Today: new exhibition about activism in Vancouver opens at Museum of Vancouver

Standard

The Museum of Vancouver (MOV) examines our city’s rich history of protest demonstrations with City on Edge: A Century of Vancouver Activism, a compelling, new photo-based exhibition on display from September 28, 2017 to February 18, 2018.

The collection features 650 photographs of demonstrations, occupations, riots, blockades, and strikes from the early 1900s to the present day, capturing those transformative moments when the city showed up, stood up, and rallied for change—or exploded in anger. Visitors will find themselves in a dynamic and interactive environment of large digital projections, short films, and animated sounds of protest rallies and choirs, inviting the public to engage with and think about the impact of grassroots activism in their lives.

“Images of street demonstrations are uniquely gripping and beautiful. They highlight the agency of people in challenging the status quo and effecting social change,” explains Viviane Gosselin, City on Edge Co-Curator and Director of Collections & Exhibitions at MOV. “Several events depicted in the exhibition remind us that laws and policies that we often overlook today are the result of citizens taking their concerns to the street.”

“The photographs reveal a wide range of social and political issues throughout Vancouver’s history,” adds Kate Bird, Co-Curator of City on Edge. “Some protests, especially those regarding affordable housing, urban development and heritage protection are hyper-local, while the peace and environmental movements reflect
a more global activism. The powerful act of marching together with a shared purpose gives people a sense of community engagement with their city, province, country, and the world.”

One of the earliest events documented in City on Edge is the anti-Asian race riot of 1907, when an anti-immigration rally exploded into violence and destruction in Chinatown and Japantown. Other iconic events include the Komagata Maru incident, the 1946 Daily Province strike, the Gastown riot, the 1993 Clayoquot Sound anti-logging protests, Occupy Vancouver, and last year’s Kinder Morgan demonstrations.

The photographs in the exhibition, many which have not been seen since their initial publication in the Vancouver Sun and The Province newspapers, are centered around issues that have provoked resistance and incited passion in this city for decades such as the environment, labour relations, government policies, Indigenous rights, and social justice. The exhibition also includes images that explore Vancouver’s raucous history of sports and concert riots. These visually stunning photographs serve as exceptional historical records of intense and transformational periods in the lives of Vancouverites.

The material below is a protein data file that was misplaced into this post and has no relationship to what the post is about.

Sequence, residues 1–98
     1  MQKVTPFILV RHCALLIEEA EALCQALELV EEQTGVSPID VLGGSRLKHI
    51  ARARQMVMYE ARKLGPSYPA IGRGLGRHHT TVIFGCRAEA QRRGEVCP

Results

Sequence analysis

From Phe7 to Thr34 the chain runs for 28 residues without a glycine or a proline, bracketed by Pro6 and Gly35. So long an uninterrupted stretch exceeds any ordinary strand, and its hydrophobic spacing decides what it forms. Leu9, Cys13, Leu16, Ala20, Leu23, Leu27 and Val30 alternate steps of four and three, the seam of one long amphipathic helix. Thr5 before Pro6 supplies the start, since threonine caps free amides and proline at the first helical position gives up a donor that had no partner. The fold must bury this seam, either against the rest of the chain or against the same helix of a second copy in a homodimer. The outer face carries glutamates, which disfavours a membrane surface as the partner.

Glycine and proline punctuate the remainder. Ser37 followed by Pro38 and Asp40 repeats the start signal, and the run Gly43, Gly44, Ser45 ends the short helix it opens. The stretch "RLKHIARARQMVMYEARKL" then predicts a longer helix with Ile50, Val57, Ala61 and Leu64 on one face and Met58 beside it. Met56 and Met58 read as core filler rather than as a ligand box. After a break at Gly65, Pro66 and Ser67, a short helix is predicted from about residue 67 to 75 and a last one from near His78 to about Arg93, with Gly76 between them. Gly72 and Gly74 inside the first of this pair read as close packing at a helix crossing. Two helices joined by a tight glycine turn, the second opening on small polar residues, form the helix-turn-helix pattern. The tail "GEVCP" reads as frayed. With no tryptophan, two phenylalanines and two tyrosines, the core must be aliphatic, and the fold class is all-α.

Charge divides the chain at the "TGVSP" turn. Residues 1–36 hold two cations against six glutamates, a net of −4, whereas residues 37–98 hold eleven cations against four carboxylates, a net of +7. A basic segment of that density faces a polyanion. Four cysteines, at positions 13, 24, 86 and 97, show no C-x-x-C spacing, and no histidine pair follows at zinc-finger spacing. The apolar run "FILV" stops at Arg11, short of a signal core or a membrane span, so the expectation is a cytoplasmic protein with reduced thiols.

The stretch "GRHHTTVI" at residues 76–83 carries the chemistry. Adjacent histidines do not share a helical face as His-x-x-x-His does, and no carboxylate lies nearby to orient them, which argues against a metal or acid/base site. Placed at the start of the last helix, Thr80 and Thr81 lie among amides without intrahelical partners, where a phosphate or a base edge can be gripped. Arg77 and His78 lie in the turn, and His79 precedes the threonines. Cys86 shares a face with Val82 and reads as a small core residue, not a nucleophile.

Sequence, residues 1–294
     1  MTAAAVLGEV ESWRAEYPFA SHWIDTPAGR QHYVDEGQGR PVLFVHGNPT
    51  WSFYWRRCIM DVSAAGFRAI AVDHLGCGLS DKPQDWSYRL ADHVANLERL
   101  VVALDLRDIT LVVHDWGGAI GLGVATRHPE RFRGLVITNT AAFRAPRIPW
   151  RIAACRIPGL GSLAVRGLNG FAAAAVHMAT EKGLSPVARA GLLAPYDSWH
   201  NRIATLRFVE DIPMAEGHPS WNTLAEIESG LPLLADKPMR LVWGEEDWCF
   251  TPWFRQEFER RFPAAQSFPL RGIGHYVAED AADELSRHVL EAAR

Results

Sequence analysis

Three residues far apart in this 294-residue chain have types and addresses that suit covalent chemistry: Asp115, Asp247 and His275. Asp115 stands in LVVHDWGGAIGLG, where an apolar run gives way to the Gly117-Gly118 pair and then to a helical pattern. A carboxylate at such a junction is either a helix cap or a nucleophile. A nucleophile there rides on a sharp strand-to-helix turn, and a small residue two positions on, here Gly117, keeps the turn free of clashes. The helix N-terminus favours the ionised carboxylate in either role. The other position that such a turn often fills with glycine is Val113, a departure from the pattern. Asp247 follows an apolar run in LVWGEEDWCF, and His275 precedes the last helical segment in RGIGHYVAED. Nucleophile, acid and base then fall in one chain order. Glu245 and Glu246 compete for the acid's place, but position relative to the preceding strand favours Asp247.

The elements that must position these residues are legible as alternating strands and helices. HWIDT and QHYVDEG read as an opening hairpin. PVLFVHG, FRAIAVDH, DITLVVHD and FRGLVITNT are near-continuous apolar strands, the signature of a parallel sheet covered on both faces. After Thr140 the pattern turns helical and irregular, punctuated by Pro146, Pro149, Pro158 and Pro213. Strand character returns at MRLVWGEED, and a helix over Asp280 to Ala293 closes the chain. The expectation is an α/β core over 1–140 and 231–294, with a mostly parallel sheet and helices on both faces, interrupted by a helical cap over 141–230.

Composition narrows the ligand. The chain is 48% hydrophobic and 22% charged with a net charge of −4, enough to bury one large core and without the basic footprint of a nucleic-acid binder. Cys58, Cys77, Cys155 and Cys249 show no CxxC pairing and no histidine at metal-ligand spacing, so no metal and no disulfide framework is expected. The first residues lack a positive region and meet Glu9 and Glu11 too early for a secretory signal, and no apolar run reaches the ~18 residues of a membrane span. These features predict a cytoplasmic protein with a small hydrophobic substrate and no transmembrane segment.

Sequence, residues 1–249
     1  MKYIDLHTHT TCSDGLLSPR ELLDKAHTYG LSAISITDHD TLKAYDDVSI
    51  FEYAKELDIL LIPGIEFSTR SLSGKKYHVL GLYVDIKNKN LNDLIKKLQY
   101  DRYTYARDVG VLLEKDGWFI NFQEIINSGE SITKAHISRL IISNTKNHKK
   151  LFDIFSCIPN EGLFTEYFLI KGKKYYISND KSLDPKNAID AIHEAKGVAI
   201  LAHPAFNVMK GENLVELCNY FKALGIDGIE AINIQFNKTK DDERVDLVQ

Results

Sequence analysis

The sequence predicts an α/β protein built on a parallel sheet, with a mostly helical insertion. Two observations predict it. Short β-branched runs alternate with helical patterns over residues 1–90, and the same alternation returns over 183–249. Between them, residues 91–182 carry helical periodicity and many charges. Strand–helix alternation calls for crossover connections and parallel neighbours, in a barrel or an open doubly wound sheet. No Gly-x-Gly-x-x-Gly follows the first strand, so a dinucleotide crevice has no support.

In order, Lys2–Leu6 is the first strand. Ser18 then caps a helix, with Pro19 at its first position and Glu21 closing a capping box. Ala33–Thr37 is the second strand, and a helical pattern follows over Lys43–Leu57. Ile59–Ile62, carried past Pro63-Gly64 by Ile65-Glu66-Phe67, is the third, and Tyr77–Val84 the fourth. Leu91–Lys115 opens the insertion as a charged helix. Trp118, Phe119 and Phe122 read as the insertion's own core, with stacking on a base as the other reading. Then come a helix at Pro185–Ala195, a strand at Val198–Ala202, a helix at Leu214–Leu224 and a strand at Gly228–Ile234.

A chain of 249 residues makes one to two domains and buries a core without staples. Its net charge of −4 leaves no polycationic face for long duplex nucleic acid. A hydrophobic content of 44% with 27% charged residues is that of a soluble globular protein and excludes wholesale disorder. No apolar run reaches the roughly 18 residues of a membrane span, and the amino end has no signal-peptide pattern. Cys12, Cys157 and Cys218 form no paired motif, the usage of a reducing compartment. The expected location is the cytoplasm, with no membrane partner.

By sharing this extensive photo collection, MOV encourages visitors to experience a century of activism not as a series of isolated sit-ins, street demonstrations, and blockades, but as key societal expressions of social democracy. Essentially, these protests have long turned public spaces into stages upon which people share viewpoints, express common goals, mobilize public opinion, and endeavor to effect change.

In addition to co-curating the exhibition, Kate Bird will draw on her experience as a retired Pacific Newspaper Group librarian to present a collection of protest images in City on Edge: A Rebellious Century of Vancouver Protests, Riots, and Strikes, a new book that will be published this fall by Greystone Books (details at greystonebooks.com). The exhibition expands on the book, showcasing a significantly larger number of photographs in a dramatic multimedia environment. Bird is the author of the bestselling 2016 book Vancouver in the Seventies, which inspired a companion exhibition at MOV. City on Edge marks her second collaboration as a MOV co-curator.

Advertisements

Leave a Reply

Fill in your details below or click an icon to log in:

WordPress.com Logo

You are commenting using your WordPress.com account. Log Out / Change )

Twitter picture

You are commenting using your Twitter account. Log Out / Change )

Facebook photo

You are commenting using your Facebook account. Log Out / Change )

Google+ photo

You are commenting using your Google+ account. Log Out / Change )

Connecting to %s